A plan from the dark days of history
Southwest France is a fascinating place, not just for the wine, food and scenery, but because it is home to some unusual and striking medieval planned towns. The story of these has long fascinated me. We recently hired a car in Bordeaux and travelled cross-country to Toulouse so we could visit some of these special towns called the bastides, probably from the French word batir, to build. There are at least 700. Similar planned medieval towns can be found elsewhere in Europe, but France has the greatest number.
They were built mainly between 1200 and 1400AD. What’s really special about them is that they were planned, laid out and regulated before they were built, then each was given a special charter. Their strategic locations and regularity make them so different from other medieval settlements and enhance their interest and charm.
They came about, though, from an especially turbulent history. The region was long fought over by France and England. Much of it was devastated during the Albigensian Crusade against the Cathars in the early part of the 13th century. The bastides were created for many purposes: to stake a claim over disputed lands, to help repopulate abandoned areas or to provide oases of urban security for scattered farming populations. They were also an avenue for making money through speculative land subdivision. King Edward I of England and Count Raymond VII of Toulouse were prolific builders of bastides, but so too were other nobles and even monasteries.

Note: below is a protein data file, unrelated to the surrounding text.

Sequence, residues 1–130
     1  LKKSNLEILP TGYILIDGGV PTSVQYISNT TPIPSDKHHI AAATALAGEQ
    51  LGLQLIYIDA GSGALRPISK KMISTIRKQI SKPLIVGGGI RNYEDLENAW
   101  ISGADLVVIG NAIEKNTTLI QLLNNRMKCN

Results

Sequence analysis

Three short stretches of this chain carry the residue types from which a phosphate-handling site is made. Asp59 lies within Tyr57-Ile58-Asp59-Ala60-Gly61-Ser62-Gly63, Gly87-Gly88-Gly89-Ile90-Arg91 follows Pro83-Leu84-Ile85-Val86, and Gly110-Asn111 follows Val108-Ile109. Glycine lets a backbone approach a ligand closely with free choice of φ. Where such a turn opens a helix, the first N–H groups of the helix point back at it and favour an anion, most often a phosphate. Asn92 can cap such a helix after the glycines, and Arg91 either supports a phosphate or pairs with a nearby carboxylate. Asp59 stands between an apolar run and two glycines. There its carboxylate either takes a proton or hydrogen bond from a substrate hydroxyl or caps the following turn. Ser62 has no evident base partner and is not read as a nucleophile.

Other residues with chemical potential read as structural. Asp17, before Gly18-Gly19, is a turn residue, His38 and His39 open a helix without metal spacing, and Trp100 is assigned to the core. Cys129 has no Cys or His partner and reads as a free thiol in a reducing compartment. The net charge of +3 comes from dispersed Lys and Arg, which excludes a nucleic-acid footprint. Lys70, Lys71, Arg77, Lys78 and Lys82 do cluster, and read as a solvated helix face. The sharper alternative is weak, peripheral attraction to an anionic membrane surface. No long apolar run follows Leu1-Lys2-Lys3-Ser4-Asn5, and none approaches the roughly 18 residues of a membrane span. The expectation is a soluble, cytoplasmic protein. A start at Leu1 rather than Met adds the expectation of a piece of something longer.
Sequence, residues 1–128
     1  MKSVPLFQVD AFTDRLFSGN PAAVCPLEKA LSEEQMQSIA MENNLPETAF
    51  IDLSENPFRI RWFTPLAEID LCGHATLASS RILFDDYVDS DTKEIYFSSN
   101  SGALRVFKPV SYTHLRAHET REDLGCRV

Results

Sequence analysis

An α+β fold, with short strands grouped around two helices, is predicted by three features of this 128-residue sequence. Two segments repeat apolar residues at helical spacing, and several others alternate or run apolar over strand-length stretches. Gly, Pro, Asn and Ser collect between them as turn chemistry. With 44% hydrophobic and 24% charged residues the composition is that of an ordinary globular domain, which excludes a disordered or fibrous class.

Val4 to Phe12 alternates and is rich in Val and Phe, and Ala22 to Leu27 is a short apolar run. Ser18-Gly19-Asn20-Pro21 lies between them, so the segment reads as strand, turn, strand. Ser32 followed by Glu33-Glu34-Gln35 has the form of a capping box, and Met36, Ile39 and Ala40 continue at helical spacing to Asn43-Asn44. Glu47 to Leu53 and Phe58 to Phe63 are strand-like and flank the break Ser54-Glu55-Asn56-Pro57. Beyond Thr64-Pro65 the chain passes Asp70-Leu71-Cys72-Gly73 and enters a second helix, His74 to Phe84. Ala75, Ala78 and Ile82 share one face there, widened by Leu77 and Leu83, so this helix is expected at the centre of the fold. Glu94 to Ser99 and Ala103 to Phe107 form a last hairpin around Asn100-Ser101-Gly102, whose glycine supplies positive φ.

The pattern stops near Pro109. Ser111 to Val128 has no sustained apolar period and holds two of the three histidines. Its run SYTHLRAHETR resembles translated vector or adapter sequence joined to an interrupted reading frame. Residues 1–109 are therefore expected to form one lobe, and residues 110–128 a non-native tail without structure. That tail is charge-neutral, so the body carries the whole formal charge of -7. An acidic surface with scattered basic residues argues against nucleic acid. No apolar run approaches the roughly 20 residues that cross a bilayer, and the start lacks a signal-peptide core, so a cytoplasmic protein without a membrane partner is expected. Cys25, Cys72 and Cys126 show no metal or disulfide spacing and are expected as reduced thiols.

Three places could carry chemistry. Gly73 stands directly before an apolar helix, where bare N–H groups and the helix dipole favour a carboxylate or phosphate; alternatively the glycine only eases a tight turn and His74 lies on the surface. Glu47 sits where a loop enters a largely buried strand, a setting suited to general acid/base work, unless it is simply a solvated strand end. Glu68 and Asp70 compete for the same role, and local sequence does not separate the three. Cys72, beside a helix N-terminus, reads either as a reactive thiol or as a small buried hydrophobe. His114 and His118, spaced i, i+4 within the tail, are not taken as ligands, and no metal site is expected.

They were designed with a regular grid of streets centred on an open market square surrounded by arched sheltered arcades and sometimes with a special market hall. Access to the square was physically constrained so taxes could be collected. Many were later walled. The town charters gave the residents new freedoms and rights, but they also specified the weekday for each town’s market, which remains the same today.
There’s now a well-established bastides tourist route through southwest France (just follow the clever signage) as well as a Museum of Bastides at Monflanquin. Some have grown into larger towns (like Villeneuve-sur-Lot), others have remained as attractive small towns (such as Monpazier and Montpellier). They are a fascinating part of France’s built heritage and well worth a visit. Send your 400-word contribution to Follow the Reader: email@example.com. Columnists receive L’Occitane his-and-her treats of Cedrat AfterShave Cream Gel with notes of bergamot, nutmeg and cedar; and a limited edition Rose Shea Handcream released to mark L’Occitane’s 40th anniversary this year; $82. More: au.loccitane.com.